Cathy Jo Nelson

School Librarian

Dorman High School, Spartanburg District 6 Schools, Roebuck, SC




This essay is an abridgement of a longer blog post available at .



Herring, M. Y. (2001). 10 Reasons the Internet Is No Substitute for a Library. American Libraries, 32(4), 76-78. Retrieved from EBSCOhost.




“It was the best of times, it was the worst of times” – rather sums up my relationship with collection development these days.  When Charles Dickens wrote these classic opening lines to A Tale of Two Cities, he described a time of new beginnings, emerging from within a period of uncertainty.  Revolutionary turmoil aside, the school library is undergoing a similar period of dramatic change, where there is great opportunity for learning, amidst challenges that force us to rethink how we can best serve today’s learners.  When so much is expected by students, parents, teachers, administrators, and school boards, how do school library collections persevere and remain relevant in the future?


For many reasons, the future of collection development in school libraries promises “the best of times” – where increased accessibility to both print and electronic resources is  providing new opportunities to select materials that satisfy the needs of many different types of learners. The ubiquity of the Internet also means that the school library collection is no longer defined by its physical space – “anytime, anyplace, anywhere” is the new expectation. Portable devices such as e-readers, iPads, and laptops certainly demand our attention and engage students in wonderful ways.  They enhance and enrich our options for collection development because, like their paper predecessors, they have the potential to build community, aspire to integrity, provide equity, and appreciate diversity.  

Collection development in the future should continue to become a more collaborative activity whereby stakeholder participation is essential to the process – but with responsibility, also comes accountability when selecting for others.  Authentic opportunities for students to browse online, read reviews, consult peer recommendations, supports more informed choices based on independent research and developing a critical eye.  

The popularity of social cataloguing websites is also emerging as a popular tool with tremendous potential for collaborative collection development.  Sites such as Shelfari, LibraryThing, and Good Reads make it easy for both students and teachers to manage personalized, virtual collections that can be developed, shared, and discussed.  Connecting school library personnel through these sites not only supports richer collection development, but also encourages a strong professional learning community.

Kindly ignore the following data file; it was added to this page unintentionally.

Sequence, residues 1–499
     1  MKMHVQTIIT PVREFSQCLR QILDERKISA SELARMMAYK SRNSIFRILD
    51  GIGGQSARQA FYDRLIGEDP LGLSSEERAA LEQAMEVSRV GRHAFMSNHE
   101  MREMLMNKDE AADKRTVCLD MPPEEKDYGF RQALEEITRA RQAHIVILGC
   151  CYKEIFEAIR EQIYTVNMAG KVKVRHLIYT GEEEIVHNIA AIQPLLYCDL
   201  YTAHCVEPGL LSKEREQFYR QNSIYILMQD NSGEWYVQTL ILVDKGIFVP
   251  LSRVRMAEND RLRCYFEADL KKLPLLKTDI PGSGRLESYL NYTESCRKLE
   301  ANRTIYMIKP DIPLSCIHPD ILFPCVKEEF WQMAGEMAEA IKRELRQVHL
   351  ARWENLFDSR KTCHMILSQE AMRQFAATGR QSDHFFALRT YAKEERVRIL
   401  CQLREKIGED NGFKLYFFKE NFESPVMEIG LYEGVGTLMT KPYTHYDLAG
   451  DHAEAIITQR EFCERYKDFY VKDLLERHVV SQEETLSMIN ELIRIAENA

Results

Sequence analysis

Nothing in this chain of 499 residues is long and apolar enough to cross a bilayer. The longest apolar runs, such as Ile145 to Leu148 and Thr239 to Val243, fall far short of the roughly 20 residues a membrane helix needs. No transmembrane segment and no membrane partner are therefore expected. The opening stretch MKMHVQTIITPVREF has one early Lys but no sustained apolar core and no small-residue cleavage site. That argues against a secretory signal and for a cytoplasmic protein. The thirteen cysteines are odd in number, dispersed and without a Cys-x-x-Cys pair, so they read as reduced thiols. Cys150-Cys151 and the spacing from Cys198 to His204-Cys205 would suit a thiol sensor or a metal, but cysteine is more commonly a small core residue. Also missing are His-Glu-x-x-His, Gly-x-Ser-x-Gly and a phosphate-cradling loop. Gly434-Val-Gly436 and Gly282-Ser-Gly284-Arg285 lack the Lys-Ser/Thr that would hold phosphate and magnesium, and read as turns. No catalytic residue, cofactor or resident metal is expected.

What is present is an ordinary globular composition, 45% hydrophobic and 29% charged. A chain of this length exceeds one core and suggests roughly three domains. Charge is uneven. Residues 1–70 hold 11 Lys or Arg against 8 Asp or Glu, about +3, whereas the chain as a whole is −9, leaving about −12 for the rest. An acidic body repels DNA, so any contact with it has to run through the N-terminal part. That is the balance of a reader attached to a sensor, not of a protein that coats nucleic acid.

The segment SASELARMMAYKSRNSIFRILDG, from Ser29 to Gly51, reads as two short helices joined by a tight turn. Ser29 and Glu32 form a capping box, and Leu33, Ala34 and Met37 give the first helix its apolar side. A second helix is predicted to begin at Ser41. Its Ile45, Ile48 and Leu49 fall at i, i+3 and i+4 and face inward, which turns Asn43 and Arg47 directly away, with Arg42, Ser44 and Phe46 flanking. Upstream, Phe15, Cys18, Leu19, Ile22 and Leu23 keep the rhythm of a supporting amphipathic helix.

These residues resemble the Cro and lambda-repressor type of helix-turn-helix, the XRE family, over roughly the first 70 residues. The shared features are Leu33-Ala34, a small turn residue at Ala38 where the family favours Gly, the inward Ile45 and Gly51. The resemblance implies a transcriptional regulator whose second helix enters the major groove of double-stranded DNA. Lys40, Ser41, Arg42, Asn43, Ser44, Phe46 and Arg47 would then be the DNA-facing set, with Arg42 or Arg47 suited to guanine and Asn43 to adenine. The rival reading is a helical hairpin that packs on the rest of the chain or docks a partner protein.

As much as it is an exciting time to be reinventing our school library collections, it is also a very challenging time.  There are questions as to whether or not school libraries are even necessary in today’s high-tech world and the vulnerability of school library budgets often results in juggling more with less.  When times are tough, school library personnel continue to explore creative solutions to provide equity, and to ensure that the communities they serve have access to the instructional materials and technologies they need to support learning and teaching.  Ongoing assessment of the learners’ needs both informs and refreshes the integrity of a collection.  As student populations represent an increasingly global clientele, it is essential that school libraries recognize the importance of expanding resource collections to celebrate, rather than homogenize, human diversity.

The essence of responsible collection development does not reside in reading text or images from either a book or a screen, but in those big ideas that a collaboratively designed collection offers – balance and choice, appreciation for human diversity, and the inclusion of multiple perspectives. It is clear to me that the school library is poised to play a key leadership role in how students learn in the future – and how school library collections are transformed and customized to meet the emergent needs of future learners, may be a “far, far better thing that I do, than I have ever done.”

Kathleen Atkin

Coordinator of Library Services

Louis Riel School Division

Winnipeg, Manitoba  Canada